South Bags Top Spot for Highest Number of Bankruptcies in the Country

by San Antonio Attorney

The number of people filing for bankruptcy in the US has decreased sharply during the past few years, says data from the American Bankruptcy Institute.  However, many states are still grappling with high rates of bankruptcy.

According to a recent research in 587 counties in the US, the average bankruptcy rate was approximately 224 instances of bankruptcy per 100,000 residents, while the average rate for all the 50 states (including Washington DC) was 226 cases per 100,000 residents.

The study also revealed that:

  • The highest number of personal bankruptcies was recorded in the Southern states. Out of the 10 states with the greatest number of bankruptcy in the country, 6 came from the South, while 8 of the top ten counties were also from the South.  One of the main possible reasons for the exceptionally high prevalence of personal bankruptcies in the area lies in the lower-than-average annual incomes earned by residents—in fact, 8 out of 10 counties with high bankruptcy rates recorded yearly household earnings that were significantly smaller than the 2014 national average annual household income of $53, 657
  • Weak consumer protection laws increase personal bankruptcy rates.  States with weak consumer protection laws and regulations often recorded higher numbers of bankruptcy filings compared to those that imposed strict consumer protection laws.  For instance, data from the National Consumer Law Center shows that bankruptcy rates in Kentucky and Alabama, where it is legal for a creditor to confiscate or sequester almost all assets owned by a debtor, are significantly higher.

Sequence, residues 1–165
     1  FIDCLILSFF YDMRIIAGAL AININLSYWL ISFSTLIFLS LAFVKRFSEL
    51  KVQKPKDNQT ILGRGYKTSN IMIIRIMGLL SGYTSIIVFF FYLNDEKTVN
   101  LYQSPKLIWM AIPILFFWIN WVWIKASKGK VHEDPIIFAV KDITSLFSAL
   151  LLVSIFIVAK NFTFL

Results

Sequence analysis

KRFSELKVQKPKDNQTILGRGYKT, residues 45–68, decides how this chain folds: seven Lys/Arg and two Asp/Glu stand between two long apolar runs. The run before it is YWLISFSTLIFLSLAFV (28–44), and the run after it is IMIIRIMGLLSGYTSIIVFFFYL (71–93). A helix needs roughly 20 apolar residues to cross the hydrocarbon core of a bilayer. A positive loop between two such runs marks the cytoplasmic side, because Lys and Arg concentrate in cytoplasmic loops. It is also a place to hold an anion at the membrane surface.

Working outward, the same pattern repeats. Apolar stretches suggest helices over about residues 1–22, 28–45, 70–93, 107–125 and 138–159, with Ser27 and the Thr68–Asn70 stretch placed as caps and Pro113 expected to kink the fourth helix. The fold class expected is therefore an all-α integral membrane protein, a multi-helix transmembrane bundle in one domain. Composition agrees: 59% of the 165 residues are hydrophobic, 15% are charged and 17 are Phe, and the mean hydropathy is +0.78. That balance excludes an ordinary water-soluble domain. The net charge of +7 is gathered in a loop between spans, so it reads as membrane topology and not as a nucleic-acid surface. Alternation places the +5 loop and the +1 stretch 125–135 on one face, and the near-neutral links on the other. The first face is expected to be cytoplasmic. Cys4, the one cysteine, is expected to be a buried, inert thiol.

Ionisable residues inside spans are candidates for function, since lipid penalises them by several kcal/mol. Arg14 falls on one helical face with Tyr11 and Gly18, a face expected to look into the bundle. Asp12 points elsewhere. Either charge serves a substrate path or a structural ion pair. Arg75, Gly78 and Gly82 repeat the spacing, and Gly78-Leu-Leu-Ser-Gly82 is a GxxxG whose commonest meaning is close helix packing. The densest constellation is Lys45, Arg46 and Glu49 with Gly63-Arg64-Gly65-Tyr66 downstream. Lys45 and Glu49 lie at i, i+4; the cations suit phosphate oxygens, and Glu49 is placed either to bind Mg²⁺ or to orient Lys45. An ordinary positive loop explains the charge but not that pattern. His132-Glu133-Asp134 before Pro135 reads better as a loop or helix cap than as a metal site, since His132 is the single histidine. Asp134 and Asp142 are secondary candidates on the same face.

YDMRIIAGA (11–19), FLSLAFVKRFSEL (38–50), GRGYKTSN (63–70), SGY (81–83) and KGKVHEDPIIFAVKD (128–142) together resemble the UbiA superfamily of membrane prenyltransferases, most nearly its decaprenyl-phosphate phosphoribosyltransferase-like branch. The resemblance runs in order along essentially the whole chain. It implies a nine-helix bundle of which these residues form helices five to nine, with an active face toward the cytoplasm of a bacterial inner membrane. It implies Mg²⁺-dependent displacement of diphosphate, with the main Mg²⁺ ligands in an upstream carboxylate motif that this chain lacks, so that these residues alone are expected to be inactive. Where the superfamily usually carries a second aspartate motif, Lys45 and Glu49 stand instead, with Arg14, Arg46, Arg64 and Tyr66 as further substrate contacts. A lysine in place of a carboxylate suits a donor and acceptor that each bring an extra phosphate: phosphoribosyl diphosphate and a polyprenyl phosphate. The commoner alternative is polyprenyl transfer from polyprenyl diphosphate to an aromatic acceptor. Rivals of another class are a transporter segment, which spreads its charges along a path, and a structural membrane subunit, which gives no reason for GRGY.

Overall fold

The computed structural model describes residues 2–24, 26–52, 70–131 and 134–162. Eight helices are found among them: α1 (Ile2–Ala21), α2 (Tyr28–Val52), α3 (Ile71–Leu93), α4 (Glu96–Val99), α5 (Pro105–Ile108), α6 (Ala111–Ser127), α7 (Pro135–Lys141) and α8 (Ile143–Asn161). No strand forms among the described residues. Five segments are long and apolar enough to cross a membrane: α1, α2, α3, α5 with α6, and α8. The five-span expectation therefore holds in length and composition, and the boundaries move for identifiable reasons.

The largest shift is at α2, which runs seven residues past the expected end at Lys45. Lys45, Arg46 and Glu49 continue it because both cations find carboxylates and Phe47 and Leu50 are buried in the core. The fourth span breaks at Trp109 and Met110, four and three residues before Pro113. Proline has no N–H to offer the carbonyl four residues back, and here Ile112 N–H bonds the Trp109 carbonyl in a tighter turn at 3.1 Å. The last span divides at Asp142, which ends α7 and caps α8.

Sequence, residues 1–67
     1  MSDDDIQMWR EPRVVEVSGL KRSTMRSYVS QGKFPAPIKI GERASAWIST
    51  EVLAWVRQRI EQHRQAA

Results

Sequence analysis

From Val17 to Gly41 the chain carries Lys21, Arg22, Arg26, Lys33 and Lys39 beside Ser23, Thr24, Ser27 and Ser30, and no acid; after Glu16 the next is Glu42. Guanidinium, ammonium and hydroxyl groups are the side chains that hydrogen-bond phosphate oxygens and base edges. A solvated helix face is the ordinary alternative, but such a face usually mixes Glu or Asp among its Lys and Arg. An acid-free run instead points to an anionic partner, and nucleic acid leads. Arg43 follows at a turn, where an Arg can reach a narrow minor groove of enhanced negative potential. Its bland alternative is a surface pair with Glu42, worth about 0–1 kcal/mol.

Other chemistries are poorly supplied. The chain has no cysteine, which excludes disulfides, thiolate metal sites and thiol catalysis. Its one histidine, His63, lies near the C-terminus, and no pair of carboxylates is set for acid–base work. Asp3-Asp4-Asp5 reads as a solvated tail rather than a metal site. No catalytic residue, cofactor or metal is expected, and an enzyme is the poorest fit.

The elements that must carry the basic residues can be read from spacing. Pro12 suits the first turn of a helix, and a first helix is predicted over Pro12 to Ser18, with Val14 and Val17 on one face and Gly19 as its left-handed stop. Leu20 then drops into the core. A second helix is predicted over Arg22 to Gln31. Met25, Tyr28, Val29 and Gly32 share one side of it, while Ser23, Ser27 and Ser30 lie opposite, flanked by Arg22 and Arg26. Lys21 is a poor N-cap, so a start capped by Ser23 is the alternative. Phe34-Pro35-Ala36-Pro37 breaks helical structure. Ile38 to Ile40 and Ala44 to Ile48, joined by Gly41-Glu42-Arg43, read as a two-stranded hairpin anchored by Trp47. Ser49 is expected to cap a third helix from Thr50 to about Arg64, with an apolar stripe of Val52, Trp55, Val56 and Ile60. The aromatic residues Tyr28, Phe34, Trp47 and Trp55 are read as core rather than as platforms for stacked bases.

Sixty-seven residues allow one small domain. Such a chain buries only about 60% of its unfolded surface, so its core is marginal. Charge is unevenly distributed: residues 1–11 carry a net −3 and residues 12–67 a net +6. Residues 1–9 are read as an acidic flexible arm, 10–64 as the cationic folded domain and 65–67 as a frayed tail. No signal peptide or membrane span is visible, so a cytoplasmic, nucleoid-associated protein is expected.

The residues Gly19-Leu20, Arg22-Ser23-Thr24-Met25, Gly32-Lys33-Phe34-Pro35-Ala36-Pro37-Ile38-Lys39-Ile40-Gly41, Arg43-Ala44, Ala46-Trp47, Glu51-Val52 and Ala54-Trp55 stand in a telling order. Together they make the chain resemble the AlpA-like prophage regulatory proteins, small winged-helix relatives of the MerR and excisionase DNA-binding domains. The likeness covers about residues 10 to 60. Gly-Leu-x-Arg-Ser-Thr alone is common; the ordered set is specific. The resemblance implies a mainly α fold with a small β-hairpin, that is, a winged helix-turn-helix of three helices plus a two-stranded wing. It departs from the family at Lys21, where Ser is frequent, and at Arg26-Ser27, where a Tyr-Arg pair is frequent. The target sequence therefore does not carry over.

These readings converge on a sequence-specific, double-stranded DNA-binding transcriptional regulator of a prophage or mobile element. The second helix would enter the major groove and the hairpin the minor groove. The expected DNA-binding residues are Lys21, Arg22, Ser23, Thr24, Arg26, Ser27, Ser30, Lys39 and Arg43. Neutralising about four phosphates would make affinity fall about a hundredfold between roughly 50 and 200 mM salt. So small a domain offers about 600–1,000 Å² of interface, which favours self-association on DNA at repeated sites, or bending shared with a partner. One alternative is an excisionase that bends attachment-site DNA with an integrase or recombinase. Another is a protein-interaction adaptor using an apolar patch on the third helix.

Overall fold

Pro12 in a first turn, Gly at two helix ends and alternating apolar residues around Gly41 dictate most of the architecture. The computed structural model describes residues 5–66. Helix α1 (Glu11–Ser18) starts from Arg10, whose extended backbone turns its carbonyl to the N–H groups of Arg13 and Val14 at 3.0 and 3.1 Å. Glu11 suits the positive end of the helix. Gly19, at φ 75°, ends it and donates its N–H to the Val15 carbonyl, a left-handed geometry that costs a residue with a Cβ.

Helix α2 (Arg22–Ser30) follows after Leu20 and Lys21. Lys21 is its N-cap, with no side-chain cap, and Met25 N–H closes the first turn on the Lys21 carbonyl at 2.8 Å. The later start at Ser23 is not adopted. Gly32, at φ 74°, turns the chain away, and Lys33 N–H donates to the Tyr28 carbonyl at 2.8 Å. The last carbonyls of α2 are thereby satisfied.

• People file bankruptcy for relief. Simply put, a bankruptcy filing allows struggling individuals a measure of relief. A bankruptcy filing equals freedom from pesky debt collectors, potential salary garnishments, or even lawsuits.  Moreover, depending on the type of bankruptcy filed, onerous debts can be erased.  This is also why most personal bankruptcies are of the Chapter 7 type, which effectively wipes out many unsecured debts, including debts to credit card companies or healthcare providers.
  • There are still ways to access credit even after a bankruptcy. Responsible management of a credit card, or sharing the responsibility with a co-signer, can help folks who once filed for bankruptcy rebuild and access credit. There are also secured cards, ones that require steady cash deposits, which can be issued to people who filed for Chapter 7. A bankruptcy filing makes applying for new credit more challenging, but not impossible. Inquire in banks or credit card companies, for options that may be available.

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